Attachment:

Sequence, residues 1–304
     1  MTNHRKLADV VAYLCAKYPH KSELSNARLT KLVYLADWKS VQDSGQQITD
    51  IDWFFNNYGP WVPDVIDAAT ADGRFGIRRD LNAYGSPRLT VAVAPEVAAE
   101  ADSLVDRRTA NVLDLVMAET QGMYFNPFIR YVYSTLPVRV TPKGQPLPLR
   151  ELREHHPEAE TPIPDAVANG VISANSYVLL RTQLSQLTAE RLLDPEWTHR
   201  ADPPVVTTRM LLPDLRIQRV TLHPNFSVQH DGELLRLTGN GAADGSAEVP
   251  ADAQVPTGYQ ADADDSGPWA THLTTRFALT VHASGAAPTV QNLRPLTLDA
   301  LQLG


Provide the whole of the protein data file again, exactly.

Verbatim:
Sequence, residues 1–304
     1  MTNHRKLADV VAYLCAKYPH KSELSNARLT KLVYLADWKS VQDSGQQITD
    51  IDWFFNNYGP WVPDVIDAAT ADGRFGIRRD LNAYGSPRLT VAVAPEVAAE
   101  ADSLVDRRTA NVLDLVMAET QGMYFNPFIR YVYSTLPVRV TPKGQPLPLR
   151  ELREHHPEAE TPIPDAVANG VISANSYVLL RTQLSQLTAE RLLDPEWTHR
   201  ADPPVVTTRM LLPDLRIQRV TLHPNFSVQH DGELLRLTGN GAADGSAEVP
   251  ADAQVPTGYQ ADADDSGPWA THLTTRFALT VHASGAAPTV QNLRPLTLDA
   301  LQLG